Again, I appreciate referencing some research on the matter. We don't have enough of it posted!
But I was referring specifically to the claim that one can blood-dope effectively merely by withdrawing blood and re-infusing it a short time later, especially without resort to low temperate storage and other blood preservation techniques. I had thought that my post had made this pretty clear.

Anyhow, here is a link to the paper I referred to:

bjsm.bmj.com/content/23/2/84.full.pdf
 
Robert21 said:
I never said that I 'doubted' that Cipollini used blood doping. I merely suggested that he probably used the same techniques as adopted by other riders, such as Armstrong, and said that the seemingly large number of bags used could simply be due to him using smaller, but more frequent, transfusions.
What exactly was Armstrong's method?
 
Mar 10, 2009
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Man some of you still don't get the big picture. Fuentes was in it for the "MONEY!". If a rider won a race or more he could of cared less, sure more winners equated to more customers but just look at what they did with Mancebo, placebo's and just jacked him around so Mancebo would do what? Pay him time and time again, not to guarantee results. Again, as most of you know and have read and most likely acknowledged half or even more than half of this doping scheme involved the riders THINKING they were better than the other riders and all the programs had the condition that they must train and train hard for the doping to work (even if it didn't or there wasn't any real doping). The psychological angle was key as well. Most of these riders most likely wanted their hard earned doping fee's to be validated so they worked extra hard as in training to win races, then with the added mental angle of thinking they were better they'd get some results. Sure some didn't but how easy was it for Fuentes to blame training or say the customer needed something else instead and bam another doping session, even at half the fee Fuentes was ringing the cash register and it was indeed cash or direct back transfers.

Who cares if the got Cipo to do some odd ball doping/blood sessions over the year, maybe it worked, maybe it didn't (as in actually aiding his body to be better than rider X), but having the whole Italian team supporting him and one American (bonus points for those who know who that American rider was) was also as good as the doping he got to win Worlds.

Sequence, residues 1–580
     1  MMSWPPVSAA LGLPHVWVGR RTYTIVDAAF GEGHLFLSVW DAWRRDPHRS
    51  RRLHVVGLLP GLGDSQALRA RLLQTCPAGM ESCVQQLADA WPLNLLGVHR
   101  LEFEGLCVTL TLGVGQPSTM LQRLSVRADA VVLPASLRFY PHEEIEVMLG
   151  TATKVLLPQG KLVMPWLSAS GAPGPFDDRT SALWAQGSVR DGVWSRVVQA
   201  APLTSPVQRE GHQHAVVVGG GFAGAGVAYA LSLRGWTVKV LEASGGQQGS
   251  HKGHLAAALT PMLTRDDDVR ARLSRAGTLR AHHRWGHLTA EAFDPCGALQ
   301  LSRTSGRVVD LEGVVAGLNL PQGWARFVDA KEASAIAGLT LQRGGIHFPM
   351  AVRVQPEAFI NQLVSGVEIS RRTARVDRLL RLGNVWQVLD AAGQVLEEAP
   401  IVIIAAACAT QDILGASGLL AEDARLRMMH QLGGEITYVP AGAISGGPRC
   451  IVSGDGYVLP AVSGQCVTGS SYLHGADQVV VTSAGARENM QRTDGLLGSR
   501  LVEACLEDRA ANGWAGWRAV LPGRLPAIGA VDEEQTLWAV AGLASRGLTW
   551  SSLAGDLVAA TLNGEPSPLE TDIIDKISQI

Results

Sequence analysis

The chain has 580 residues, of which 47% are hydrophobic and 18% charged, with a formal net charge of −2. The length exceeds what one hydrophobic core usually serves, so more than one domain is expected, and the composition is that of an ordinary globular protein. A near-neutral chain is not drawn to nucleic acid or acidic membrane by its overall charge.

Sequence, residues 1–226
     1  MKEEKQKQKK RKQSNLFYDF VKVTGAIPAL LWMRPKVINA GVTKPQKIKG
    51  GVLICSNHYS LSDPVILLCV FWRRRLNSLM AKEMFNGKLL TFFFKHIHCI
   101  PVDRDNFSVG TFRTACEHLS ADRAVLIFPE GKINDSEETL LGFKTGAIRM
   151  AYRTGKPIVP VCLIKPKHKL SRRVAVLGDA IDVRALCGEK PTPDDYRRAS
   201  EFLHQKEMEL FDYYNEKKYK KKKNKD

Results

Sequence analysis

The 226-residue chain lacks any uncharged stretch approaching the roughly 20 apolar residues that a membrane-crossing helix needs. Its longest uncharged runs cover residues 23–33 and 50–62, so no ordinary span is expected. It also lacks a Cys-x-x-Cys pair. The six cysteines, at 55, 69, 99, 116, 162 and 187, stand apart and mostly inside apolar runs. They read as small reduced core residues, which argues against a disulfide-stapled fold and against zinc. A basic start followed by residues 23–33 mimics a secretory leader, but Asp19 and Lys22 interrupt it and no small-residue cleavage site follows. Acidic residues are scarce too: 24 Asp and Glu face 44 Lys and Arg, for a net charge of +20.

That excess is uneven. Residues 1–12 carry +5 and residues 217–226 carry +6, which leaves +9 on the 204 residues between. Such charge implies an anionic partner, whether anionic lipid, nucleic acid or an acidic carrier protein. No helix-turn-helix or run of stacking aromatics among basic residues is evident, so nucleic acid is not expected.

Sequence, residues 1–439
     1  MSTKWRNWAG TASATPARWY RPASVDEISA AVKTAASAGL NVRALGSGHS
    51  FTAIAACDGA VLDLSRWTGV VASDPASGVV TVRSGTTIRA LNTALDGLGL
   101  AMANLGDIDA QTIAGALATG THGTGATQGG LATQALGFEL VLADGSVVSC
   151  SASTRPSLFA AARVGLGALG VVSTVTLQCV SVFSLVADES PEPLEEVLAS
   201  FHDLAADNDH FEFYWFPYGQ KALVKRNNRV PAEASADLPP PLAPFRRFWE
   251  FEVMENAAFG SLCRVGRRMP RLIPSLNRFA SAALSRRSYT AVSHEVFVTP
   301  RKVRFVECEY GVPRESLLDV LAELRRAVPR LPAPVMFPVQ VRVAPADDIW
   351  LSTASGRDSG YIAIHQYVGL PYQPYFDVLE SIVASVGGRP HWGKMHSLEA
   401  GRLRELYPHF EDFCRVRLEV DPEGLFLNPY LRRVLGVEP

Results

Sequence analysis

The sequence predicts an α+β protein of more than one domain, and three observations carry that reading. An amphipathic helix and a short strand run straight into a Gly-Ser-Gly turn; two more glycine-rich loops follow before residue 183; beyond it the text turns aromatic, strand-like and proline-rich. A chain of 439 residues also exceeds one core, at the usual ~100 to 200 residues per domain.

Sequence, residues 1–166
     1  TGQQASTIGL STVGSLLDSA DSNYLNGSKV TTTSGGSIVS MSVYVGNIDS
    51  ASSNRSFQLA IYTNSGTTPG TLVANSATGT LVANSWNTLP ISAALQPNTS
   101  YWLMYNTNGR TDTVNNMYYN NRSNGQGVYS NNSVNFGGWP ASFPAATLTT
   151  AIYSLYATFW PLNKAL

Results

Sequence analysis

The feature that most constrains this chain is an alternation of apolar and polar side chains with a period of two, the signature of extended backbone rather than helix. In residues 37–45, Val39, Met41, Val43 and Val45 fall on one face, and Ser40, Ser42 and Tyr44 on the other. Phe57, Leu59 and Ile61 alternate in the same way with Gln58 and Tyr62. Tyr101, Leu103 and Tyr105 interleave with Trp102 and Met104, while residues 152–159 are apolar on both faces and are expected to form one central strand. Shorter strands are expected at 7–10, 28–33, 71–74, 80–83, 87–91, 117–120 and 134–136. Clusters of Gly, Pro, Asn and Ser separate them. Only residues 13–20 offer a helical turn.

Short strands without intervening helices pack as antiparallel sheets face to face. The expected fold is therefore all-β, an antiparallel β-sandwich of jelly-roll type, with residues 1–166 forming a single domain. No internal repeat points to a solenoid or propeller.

In the end, if this association with the OP name Maria/Bavoroti/CP is validated Cipo will get convicted, whether it helped or was the best or known method, pointless.
 
May 21, 2010
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Robert21 said:
I would be surprised if Cipollini had been doing this, as it has been known for a long time that it does not work as an effective doping method. Bottom line is that that once extracted the cells in storage often die off at a faster rate than the body can generate new ones. I would also have thought that the stress on the body caused by having to reabsorb lots of dead blood cells would not do much for one's performance. For example:



It would have thought it more likely that he was using more frequent, but smaller, transfusions using methods similar to those used by Armstrong et al.
This was Tyler's and Fuentes method and presumedly Cipo's too. I noticed that article is from 1989. I have a sports medicine book from that same era and says the same thing about blood doping.

But it's a revolving door.

Tyler goes to Fuentes. He takes out one BB
Tyler recoups.
Tyler goes back to Fuentes. Fuentes now takes 2 BB's and after that re-infuses the old BB from the previous appointment. And so it goes ...

That way, by the time of the Tour, Tyler has fresh blood in his BB's AND has fully recuperated from his blood donations.

This is from memory since Tyler's book is back at the library.